Sixty degree nights would be wonderful. Since the chill and drizzly
weather set in this past week I'm luck if I can get my greenhouse to 60
for the daytime high and hold it above 50 at night. The persistent cloud
cover is killing me as far as solar gain is concerned. If I could just
get sun during the day I could easily get up into the 90s even this time
of year and that would charge up the thermal mass in my barrels and
jugs. But the sun is undependable here once you get into Fall and the
weather turns icky.
Luckily the gas supplier brought the propane tank yesterday - which was
a great load off my mind since I feared the rains we've had would make
placement of the tank difficult in the same fashion that it was for the
cement truck last Fall. Today it was filled to 80% capacity- I have a
500 gallon LP tank which should get me thru the winter based on what
someone else I know who uses the same sized tank and heats a spacious
house with two fillups per season.
I will be making every effort to conserve fuel with the addition of
aircap (bubble wrap) to the glazing plus rig some cables inside to
support a night insualtion curtain of geotextile on O-rings that can be
pulled closed at night. Plus set my thermostat at 55 most of the time to
maintain a minimum night time temp and use my wood burner to boost it up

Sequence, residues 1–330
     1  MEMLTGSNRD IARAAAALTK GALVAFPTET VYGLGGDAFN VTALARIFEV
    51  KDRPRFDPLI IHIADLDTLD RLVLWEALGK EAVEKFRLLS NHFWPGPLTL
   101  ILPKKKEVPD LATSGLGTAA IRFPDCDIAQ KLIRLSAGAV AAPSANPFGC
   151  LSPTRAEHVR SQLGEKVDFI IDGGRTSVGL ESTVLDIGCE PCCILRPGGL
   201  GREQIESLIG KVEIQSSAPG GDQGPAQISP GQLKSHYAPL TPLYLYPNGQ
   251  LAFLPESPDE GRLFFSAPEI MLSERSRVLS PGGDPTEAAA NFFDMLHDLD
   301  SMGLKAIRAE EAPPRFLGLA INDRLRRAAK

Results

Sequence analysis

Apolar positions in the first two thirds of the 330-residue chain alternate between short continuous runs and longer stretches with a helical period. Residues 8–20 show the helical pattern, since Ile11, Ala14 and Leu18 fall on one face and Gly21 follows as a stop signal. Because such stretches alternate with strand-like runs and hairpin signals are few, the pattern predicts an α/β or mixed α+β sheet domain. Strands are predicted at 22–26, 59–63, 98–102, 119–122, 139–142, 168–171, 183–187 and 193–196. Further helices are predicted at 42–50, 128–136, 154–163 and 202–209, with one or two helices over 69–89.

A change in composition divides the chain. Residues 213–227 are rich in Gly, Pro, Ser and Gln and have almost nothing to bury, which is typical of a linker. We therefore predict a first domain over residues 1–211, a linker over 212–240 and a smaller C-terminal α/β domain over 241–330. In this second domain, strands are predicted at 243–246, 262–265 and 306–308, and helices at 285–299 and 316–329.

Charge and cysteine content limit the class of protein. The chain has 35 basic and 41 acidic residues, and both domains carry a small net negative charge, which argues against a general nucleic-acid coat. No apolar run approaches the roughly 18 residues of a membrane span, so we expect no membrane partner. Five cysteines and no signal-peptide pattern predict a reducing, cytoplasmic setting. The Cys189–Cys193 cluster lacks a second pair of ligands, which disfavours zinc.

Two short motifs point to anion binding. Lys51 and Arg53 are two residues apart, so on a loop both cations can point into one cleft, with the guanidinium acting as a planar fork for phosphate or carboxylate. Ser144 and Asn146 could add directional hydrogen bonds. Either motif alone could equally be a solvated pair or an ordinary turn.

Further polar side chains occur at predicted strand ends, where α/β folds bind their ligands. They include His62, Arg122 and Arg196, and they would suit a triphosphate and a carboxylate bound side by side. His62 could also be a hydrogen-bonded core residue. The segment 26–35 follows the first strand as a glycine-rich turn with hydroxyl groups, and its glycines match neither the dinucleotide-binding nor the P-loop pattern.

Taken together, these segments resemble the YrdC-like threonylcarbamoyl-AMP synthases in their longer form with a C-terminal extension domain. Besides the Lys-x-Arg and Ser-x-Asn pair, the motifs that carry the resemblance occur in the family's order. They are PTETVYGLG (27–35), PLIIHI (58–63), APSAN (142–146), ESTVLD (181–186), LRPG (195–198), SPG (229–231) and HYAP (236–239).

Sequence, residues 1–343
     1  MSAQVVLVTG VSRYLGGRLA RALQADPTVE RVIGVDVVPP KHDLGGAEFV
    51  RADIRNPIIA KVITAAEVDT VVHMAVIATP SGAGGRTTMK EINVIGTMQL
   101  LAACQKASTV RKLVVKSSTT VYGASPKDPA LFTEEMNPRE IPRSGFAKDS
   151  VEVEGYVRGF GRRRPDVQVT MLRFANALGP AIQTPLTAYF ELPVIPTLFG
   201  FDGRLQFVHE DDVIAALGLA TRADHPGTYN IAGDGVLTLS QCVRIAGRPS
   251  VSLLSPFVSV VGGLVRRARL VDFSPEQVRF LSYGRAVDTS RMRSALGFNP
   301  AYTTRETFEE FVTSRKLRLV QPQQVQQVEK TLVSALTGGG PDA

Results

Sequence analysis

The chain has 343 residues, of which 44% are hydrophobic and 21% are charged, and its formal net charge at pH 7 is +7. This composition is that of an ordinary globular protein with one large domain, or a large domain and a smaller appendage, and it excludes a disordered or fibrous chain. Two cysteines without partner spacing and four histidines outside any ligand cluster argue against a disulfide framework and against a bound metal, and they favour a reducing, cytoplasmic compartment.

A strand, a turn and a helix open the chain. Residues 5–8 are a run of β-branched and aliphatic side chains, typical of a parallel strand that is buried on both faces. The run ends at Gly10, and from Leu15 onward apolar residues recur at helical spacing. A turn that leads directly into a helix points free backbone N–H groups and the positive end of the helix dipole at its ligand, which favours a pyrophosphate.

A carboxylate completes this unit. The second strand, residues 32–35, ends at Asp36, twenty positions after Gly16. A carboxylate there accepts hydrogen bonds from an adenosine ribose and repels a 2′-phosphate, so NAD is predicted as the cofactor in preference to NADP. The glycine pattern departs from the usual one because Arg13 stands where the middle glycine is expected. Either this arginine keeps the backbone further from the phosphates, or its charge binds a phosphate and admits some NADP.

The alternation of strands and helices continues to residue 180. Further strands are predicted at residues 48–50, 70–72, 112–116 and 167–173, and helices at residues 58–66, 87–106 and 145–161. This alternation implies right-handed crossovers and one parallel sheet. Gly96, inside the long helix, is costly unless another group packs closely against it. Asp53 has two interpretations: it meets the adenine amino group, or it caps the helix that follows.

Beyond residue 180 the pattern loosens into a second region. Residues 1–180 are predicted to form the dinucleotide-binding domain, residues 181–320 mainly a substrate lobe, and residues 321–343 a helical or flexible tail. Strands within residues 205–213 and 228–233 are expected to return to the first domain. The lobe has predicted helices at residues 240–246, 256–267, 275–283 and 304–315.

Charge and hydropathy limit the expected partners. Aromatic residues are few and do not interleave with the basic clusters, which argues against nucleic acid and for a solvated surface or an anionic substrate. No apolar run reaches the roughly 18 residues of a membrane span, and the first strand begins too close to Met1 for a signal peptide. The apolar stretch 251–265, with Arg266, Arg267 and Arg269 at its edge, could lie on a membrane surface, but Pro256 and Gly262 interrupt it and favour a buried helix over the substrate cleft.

to more comfortable levels on days like this when there is no sun. This
also gives emergency backup heat when there is no electricity.
As for the non-plant inhabitants I have for the moment evacuated the
Mexican Wood Turtles until I can build a hood over their enclosure that
will allow me to heat it with a small ceramic space heater and provide a
warm micro climate without having to heat the whole greenhouse to 80
Since much of the vegetation is subtropical , I have opted to make the
fish fauna in the greenhouse pond of similar character. It's going to be
starheads, golden ear and bluefin Killies, Bantam and Dollar and pygmy
suns and Coastal and Sailfin Shiners. Certainly wish I could add more
exotic fare like Splash Tetras and neons but I don't think they can
handle the cooler temperatures. The pond is a liner pond that sits down
in the earth and the water is even very cool in the summer- which
probably helps keep the greenhouse from overheating for sure.
Maybe I'll experiment with one of those solar pool heaters that are made
out of dark plastic or rubber- or rig a coil of black pipe or hose to
circulate pond water thru on sunny days. That would probably help cut my
heating costs a little by making the pond store more heat.
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